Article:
Energy underpins our country’s prosperity. 

In the past, our centralised electricity network has served us well, transporting energy from monolithic hydro dams and fossil fuel plants around the country on poles and wires. 

However, more is needed to deliver for the Aotearoa of tomorrow and beyond. 

We must power not only our homes and businesses but also a growing industry and the electric transportation fleet – and do it with 100% renewable energy. 

But today and in the coming years, our grid will shoulder an even greater load as we transition to a carbon-neutral economy. 

Innovation is an obvious solution. And a few who are working to transform our industry can justifiably use this ‘innovation’ buzzword right now.

Pictured above: Brendan Winitana, Chairman of SEANZ speaking at Tomorrow’s Energy Today 2021 Conference

Transpower’s latest report, Whakamana i Te Mauri Hiko – Empowering our Energy Future, estimates New Zealand’s electricity demand will double by 2050. It shows a clear path to being around 95% renewable by 2035, with options to move to 100%.

That means no more imported coal propping up the system in winter. 

The report describes the transition to an intelligent grid of millions of smart appliances, smart electric vehicle (EV) chargers, and many small-scale solar photovoltaic (PV) and battery systems by 2035 to ease the load. 

And it is here where innovation is starting to flourish through a concept called Distributed Energy Resources – shortened by the industry to DER.

This concept will see households and businesses with solar panels, EV owners, small microgrids and battery storage systems play an active role in the operation of the future power system.

The DER innovation ecosystem will need software, technology, installation companies, and grid-level transmission and storage networks. 

DER will unlock new business models of flexible services – where retailers, electricity distributors, farmers, business owners and consumers connect to the electricity transport grid to share, trade and sell excess energy and help meet the peak demands of the future.

In theory, this collaboration system will benefit everyone involved – cost reductions for consumers and businesses, and more robust energy security for the national grid. And, of course, an acceleration towards a carbon neutral future.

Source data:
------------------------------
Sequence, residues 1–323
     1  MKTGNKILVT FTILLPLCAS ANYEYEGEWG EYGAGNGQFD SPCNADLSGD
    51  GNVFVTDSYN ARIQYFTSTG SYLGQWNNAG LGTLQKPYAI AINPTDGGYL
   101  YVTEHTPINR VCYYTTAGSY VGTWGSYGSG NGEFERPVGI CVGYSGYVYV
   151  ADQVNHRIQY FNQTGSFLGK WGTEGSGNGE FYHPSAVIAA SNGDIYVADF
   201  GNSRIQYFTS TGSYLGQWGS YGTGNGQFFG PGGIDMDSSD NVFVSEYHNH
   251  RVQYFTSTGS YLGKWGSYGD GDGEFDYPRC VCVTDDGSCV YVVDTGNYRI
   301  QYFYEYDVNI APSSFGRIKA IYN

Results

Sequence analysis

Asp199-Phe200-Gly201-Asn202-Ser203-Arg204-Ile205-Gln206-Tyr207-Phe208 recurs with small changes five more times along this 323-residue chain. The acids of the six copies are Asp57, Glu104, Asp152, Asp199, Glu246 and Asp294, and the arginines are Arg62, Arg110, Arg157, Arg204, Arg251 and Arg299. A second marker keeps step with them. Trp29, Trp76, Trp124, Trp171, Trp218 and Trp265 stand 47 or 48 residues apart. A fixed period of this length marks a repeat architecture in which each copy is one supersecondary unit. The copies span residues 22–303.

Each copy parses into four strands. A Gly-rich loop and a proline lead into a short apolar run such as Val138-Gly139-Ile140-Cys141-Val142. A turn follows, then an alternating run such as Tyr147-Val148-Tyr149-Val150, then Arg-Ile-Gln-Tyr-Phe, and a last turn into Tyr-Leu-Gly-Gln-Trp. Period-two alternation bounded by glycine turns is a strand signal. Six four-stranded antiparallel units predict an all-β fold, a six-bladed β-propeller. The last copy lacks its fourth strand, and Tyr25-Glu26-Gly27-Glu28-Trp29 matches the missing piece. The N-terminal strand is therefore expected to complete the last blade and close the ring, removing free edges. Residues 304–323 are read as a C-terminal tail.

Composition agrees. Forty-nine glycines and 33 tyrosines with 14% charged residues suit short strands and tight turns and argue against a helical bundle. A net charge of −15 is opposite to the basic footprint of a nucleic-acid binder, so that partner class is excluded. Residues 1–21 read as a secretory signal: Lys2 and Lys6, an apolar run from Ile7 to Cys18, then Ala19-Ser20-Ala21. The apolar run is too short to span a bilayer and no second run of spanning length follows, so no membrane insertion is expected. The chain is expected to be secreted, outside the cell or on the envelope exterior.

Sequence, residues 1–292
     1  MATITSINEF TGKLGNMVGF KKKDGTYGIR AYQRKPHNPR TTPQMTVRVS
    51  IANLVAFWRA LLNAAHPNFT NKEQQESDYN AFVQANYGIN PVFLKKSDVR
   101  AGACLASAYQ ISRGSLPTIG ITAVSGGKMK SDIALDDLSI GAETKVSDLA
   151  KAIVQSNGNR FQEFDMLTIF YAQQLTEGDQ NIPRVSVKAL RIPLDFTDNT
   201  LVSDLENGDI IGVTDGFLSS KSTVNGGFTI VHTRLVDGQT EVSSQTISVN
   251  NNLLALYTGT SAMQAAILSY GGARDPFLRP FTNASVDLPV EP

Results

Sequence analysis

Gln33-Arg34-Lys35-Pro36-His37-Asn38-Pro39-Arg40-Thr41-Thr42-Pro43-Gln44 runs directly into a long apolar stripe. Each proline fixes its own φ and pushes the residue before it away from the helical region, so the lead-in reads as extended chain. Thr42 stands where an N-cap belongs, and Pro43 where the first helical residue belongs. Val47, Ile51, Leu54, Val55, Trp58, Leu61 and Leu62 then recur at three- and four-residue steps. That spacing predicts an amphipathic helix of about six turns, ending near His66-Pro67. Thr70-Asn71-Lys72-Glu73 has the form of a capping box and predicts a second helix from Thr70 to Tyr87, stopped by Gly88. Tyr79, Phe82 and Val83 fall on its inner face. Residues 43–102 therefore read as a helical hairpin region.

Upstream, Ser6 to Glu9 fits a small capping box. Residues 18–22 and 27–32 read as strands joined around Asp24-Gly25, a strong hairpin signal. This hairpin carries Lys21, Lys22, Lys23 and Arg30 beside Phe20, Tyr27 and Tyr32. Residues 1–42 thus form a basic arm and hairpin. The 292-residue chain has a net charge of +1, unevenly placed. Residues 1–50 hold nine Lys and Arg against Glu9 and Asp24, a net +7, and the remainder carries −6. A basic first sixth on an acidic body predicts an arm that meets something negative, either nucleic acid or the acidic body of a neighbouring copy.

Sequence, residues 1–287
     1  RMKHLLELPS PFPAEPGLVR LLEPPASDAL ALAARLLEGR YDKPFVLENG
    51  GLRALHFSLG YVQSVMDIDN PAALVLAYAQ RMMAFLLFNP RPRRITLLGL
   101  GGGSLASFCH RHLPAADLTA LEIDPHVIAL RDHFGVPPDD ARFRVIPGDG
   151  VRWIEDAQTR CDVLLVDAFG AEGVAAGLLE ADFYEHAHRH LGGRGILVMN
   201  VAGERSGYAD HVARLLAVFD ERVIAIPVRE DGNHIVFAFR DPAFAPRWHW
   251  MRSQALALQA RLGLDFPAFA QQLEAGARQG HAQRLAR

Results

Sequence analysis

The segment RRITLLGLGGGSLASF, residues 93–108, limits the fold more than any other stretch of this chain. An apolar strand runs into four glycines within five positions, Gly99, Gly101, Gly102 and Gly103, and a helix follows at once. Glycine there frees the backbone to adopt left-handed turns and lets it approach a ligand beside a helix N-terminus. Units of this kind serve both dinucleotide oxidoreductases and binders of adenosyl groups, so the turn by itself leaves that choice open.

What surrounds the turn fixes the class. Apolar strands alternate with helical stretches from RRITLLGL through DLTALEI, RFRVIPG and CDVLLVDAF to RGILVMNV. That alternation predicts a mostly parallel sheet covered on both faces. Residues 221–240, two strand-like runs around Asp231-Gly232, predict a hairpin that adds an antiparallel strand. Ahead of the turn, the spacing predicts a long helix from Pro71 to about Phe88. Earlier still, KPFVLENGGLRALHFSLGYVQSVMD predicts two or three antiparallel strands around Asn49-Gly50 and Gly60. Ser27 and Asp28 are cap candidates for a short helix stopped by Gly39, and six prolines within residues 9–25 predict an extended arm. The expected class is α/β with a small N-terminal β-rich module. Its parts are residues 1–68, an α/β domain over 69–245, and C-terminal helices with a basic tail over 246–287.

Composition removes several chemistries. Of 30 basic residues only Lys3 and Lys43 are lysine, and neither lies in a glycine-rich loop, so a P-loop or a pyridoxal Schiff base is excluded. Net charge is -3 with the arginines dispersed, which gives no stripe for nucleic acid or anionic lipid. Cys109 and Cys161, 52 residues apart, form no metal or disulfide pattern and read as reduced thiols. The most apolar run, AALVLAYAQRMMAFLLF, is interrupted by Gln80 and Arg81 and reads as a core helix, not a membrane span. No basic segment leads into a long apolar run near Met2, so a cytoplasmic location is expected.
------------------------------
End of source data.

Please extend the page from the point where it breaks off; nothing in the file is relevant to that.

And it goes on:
In practice, it is already on the way. 

Thousands of households across the country are already enjoying the benefits of low-cost, low-carbon energy, running their EVs off the sun. 

Residential year-on-year electricity meter (ICP’s) connection growth is running at 45%, and the size of solar installations also continues to grow.

As with the residential market, commercial and industrial solar installations have also increased by over 30% per year. 

Companies like Foodstuffs, BP, Watercare, Zespri, Mainfreight, Laminex, Auckland Airport, Enable, SiteHost and Forest Lodge Orchard, to name just a few, are leading the way. Some are installing large roof-mounted solar arrays and improving energy efficiency, while others have even thrown electric transport into their fleet mix, too. 

To support the growth, we’re seeing many solar companies pop up across the nation. Add to this local teams with strong global experience from the likes of Huawei Technologies entering the New Zealand solar market last year. 

Utility-scale solar farms are now in the mix, too, with many projects being developed. 

With over four times the solar generation built in NZ in development – more than other comparable sources at utility-scale renewable generation level – innovation is key here. 

Addressing and maximising land for dual-purpose use, such as using agrivoltaics, farming under panels, aesthetics with appropriate planting, ensuring biodiversity, and sun-tracking are key and will reduce impacts on iwi, hapu, communities, animals, insects and plants.

Setting national standards and propelling innovation is at the top of the Sustainable Energy Association New Zealand (SEANZ) agenda.

SEANZ group members, the wider electricity industry, innovators, government policymakers and regulators all get together once a year at Tomorrow’s Energy Today, New Zealand's leading sustainable energy conference. 

This year, SEANZ is incredibly excited to see Huawei coming on board as the technology partner for this year’s conference. 

The company will share updates on its technology and key learnings as one of the largest global innovators in the renewable energy sector. 

The conference is in Auckland on August 25-26, offering learning, collaboration and innovation on ways to develop a clean, affordable, and reliable energy future for Aotearoa New Zealand. 


Huawei is a leading global provider of information and communications technology (ICT) infrastructure and smart devices. It's the technology partner for this year's Tomorrow’s Energy Today, New Zealand's leading sustainable energy conference.